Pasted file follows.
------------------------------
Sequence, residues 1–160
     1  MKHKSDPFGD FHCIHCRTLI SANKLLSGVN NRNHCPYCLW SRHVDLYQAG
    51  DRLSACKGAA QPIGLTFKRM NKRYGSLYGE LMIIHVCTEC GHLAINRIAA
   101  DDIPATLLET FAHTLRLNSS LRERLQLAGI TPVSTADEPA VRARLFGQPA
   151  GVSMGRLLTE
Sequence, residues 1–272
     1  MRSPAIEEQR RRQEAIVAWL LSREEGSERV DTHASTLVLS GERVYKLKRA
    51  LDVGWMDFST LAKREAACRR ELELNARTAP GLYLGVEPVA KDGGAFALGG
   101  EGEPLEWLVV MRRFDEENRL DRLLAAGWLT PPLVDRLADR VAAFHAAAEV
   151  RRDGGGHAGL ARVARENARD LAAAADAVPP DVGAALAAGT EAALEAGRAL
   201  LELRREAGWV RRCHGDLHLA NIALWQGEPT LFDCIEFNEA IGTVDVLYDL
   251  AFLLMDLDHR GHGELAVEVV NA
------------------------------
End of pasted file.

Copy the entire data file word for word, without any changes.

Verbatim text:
Sequence, residues 1–160
     1  MKHKSDPFGD FHCIHCRTLI SANKLLSGVN NRNHCPYCLW SRHVDLYQAG
    51  DRLSACKGAA QPIGLTFKRM NKRYGSLYGE LMIIHVCTEC GHLAINRIAA
   101  DDIPATLLET FAHTLRLNSS LRERLQLAGI TPVSTADEPA VRARLFGQPA
   151  GVSMGRLLTE
Sequence, residues 1–272
     1  MRSPAIEEQR RRQEAIVAWL LSREEGSERV DTHASTLVLS GERVYKLKRA
    51  LDVGWMDFST LAKREAACRR ELELNARTAP GLYLGVEPVA KDGGAFALGG
   101  EGEPLEWLVV MRRFDEENRL DRLLAAGWLT PPLVDRLADR VAAFHAAAEV
   151  RRDGGGHAGL ARVARENARD LAAAADAVPP DVGAALAAGT EAALEAGRAL
   201  LELRREAGWV RRCHGDLHLA NIALWQGEPT LFDCIEFNEA IGTVDVLYDL
   251  AFLLMDLDHR GHGELAVEVV NA